National Rifle Association President Wayne LaPierre called for an armed police officer to be in every American school.
During a speech Friday morning, LaPierre urged Congress to appropriate money for the armed guards as soon as possible.
“We must act now for the sake of every child in America,” LaPierre said.
— Link: Read the full speech
The speech was the first public comments the NRA has made since the mass shooting at a Connecticut elementary school last week.
LaPierre made a familiar plea that guns in American actually make people more safe.
“The only way to stop a bad guy with a gun, is a good guy with a gun,” LePierre said.
The speech was interrupted twice by CodePink.org protesters shouting anti-NRA slogans and bearing banners in front of his podium, including one that said, “NRA blood on your hands.”
The nation’s most prominent gun rights lobby joins “the nation in horror, outrage and earnest prayer for the families” who “suffered such an incomprehensible loss” in Newtown, Connecticut, LaPierre said.
However, he said, schools remain a target by criminal gunmen because they are not protected by armed security the way other important institutions are.
Policies banning guns at schools create a place that “insane killers” consider “the safest place to inflict maximum mayhem with minimum risk,” LaPierre said.
Such policies leave schoolchildren “utterly defenseless, and the monsters and the predators of the world know it,” he said.
Former congressman Asa Hutchinson will lead the school security project.
Armed personnel will be part of the security model but not the only component, Hutchinson said.
“School safety is a complex issue with no simple, single solution,” he said. “But I believe trained, qualified, armed security is one key component among many that can provide the first line of deterrence as well as the last line of defense.”
Friday’s event was billed as a news conference, but LaPierre only read a statement; he took no questions.
One week ago, a gunman forced his way into Sandy Hook Elementary School and shot 20 students, six adults then himself dead in Newtown.
Adam Lanza had killed his mother before arriving at the school.
Across the nation Friday morning, church bells rang in remembrance of the victims. The NRA was among those groups that observed a moment of silence at 9:30 a.m., the same time as last week’s massacre.
Despite the relative silence early on from the powerful lobbying group’s offices in Fairfax, Virginia, the NRA is regrouping in anticipation of a massive legislative push for gun control legislation, a gun policy expert said.
Kristin Goss, an associate professor of public policy and political science at Duke University and author of “Disarmed: The Missing Movement for Gun Control in America,” said that strategy is part of the organization’s playbook after an incident such as this one.
After such a terrifying event, when there is a national outcry, the NRA typically lays low, Goss said.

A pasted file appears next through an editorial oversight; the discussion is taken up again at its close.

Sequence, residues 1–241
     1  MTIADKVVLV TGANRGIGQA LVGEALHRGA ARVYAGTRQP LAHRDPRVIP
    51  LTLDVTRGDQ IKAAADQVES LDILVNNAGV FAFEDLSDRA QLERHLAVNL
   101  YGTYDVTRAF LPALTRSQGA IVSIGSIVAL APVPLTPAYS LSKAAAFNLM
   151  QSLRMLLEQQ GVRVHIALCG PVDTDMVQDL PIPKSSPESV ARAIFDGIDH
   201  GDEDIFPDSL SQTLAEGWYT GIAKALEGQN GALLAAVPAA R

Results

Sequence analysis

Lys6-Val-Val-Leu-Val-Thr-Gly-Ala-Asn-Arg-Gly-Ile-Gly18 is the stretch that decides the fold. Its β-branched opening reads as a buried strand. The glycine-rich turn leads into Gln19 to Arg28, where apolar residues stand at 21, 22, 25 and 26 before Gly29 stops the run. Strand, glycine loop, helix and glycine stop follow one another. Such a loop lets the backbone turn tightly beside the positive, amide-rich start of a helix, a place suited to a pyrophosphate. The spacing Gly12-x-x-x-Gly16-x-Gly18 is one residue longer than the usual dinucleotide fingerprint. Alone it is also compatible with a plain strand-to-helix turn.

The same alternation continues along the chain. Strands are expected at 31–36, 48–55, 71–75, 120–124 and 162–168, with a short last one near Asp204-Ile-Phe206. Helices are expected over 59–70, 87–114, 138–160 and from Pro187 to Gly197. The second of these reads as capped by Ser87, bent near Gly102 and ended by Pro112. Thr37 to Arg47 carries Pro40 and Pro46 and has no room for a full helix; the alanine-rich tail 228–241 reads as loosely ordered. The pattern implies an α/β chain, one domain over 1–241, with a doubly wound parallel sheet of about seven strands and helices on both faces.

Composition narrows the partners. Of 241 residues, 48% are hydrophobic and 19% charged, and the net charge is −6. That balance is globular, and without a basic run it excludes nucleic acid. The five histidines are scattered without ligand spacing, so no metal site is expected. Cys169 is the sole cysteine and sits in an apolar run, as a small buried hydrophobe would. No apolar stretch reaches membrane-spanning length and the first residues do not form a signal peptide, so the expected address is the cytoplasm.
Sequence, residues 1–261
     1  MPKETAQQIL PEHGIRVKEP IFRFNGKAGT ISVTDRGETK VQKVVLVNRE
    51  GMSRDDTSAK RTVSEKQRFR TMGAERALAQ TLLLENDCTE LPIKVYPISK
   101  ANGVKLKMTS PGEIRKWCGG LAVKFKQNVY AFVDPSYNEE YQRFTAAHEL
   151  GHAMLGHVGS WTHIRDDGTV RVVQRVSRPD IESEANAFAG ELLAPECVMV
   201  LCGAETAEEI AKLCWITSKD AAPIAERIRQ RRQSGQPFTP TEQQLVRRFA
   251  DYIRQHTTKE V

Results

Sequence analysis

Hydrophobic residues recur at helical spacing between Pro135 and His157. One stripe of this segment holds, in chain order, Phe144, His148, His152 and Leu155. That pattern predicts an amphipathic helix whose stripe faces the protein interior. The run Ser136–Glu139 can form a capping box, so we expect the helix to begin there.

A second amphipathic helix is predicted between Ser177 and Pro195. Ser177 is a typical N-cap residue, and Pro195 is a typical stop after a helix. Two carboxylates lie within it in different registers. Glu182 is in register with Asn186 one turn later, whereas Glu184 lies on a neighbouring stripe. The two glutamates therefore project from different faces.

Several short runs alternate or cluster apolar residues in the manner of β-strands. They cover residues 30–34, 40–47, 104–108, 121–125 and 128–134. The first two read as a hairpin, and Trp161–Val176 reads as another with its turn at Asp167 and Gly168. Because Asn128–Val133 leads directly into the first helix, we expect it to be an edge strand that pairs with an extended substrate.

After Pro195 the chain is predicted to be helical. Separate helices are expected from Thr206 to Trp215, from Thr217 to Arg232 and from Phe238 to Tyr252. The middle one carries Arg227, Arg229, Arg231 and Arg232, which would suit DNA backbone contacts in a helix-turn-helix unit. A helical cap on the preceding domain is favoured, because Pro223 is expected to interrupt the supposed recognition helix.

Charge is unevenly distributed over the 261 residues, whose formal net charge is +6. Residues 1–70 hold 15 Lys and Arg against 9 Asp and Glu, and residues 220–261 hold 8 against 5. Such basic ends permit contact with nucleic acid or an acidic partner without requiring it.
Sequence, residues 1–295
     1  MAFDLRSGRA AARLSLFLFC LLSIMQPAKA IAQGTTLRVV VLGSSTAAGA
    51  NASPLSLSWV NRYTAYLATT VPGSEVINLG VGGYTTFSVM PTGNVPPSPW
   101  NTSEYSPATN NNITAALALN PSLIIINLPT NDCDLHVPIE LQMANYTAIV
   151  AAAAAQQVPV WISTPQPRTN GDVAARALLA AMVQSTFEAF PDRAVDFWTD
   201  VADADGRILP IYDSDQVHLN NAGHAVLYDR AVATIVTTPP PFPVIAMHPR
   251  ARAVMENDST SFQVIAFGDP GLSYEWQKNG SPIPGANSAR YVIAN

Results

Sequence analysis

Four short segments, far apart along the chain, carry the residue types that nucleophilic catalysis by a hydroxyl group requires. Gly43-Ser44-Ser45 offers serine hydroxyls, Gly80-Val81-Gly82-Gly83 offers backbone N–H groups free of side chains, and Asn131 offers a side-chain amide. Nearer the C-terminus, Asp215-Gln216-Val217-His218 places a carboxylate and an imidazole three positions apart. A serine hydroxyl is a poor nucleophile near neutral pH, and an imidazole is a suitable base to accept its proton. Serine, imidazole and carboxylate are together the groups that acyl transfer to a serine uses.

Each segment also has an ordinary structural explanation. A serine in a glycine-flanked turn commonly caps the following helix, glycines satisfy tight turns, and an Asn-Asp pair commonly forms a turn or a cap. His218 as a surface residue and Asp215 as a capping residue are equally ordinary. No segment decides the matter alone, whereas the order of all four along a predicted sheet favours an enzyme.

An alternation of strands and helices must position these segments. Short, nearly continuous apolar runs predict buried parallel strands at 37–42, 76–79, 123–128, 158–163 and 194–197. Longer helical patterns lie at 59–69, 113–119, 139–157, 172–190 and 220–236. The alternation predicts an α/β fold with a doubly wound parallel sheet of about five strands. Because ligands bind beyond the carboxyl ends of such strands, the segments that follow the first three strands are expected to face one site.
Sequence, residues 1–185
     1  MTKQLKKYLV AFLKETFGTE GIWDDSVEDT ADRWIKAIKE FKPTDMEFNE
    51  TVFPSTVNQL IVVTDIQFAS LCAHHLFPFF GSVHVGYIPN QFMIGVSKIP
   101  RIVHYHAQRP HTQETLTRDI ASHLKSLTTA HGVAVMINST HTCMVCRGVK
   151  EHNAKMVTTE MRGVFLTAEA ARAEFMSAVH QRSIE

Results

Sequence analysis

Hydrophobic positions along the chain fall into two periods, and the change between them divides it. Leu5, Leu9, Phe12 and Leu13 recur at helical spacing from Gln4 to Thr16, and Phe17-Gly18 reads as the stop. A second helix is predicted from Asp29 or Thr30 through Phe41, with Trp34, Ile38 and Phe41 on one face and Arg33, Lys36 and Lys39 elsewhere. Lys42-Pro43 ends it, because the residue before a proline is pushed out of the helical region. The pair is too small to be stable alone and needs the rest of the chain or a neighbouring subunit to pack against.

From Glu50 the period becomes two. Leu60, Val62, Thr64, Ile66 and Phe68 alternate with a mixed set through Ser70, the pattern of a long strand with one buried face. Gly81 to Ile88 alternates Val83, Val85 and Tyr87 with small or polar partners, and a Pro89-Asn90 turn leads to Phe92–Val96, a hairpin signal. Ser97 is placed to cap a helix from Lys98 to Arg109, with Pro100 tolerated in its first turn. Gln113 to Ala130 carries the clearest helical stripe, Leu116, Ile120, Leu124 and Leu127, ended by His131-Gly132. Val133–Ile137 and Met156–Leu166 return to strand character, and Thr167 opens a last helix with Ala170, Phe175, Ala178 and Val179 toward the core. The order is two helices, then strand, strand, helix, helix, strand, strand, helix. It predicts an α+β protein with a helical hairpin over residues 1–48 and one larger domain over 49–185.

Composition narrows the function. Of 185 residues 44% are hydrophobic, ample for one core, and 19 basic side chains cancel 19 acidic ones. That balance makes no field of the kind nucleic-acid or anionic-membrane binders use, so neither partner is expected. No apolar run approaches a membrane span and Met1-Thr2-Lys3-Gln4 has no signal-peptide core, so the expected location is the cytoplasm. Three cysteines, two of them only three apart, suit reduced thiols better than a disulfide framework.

“They’re used to seeing this cycle, express condolences and hope the attention will shift to a new issue.”
Obama starts gun control debate
This week, the Obama administration put into motion an effort to change U.S. gun laws.
Vice President Joe Biden met with Cabinet members and law enforcement leaders at the White House to start formulating what Obama called “real reforms right now.”
Colorado Rep. Dianna DeGette (D) released a statement criticizing the NRA speech saying LePierre ” had an opportunity to come forward with a vision of reasonable solutions and a spirit of cooperation.”
“Instead, they continued their decades-long position of obstructionism, assigning a laundry list of blame, and offering ideas that simply serve to absolve their organization and excuse the rampant availability of guns and ammunition designed only to kill as many people, in as short a span of time, as possible,” DeGette said.
More than 195,000 people have signed an online White House petition supporting new gun control legislation.
A slight majority of Americans favor major restrictions on guns: 52%, up five points from a survey taken in August after the July shooting inside a movie theater in Aurora, Colorado, where 12 people died, according to a CNN/ORC International poll released Wednesday.
Biden will lead a White House effort to craft proposals aimed at preventing another tragedy such as the Newtown shootings. The recommendations are due sometime in January.
That same month, several lawmakers have promised to introduce or reintroduce gun control legislation, ranging from a reinstatement of a federal ban on assault weapons to banning the sale of high-capacity magazines.
Since the shootings, a number of conservative Democrats and some Republicans who have supported gun rights have said they are open to discussing the issue.
Sen. Dianne Feinstein, D-California, said she will introduce legislation to reinstate the assault weapons ban that expired in 2004. The White House has said that the president supports that effort.
House Democratic Leader Nancy Pelosi took her own step towards reform Wednesday by announcing a new task force on preventing gun violence.
Pelosi said the task force will work towards restoring the assault weapons ban, strengthening the background check system, and addressing mental health and violence issues.
The NRA, with its roughly 4.3 million members, is the standard-bearer for protecting the Second Amendment. It is also the source of hefty campaign donations.
During the 2012 election cycle, the NRA donated $719,596 to candidates. Republicans received $634,146 of that, according to the Center for Responsive Politics’ analysis of federal campaign data.
Some $85,450 went to Democrats, many of them in states that are considered more conservative when it comes to gun control laws.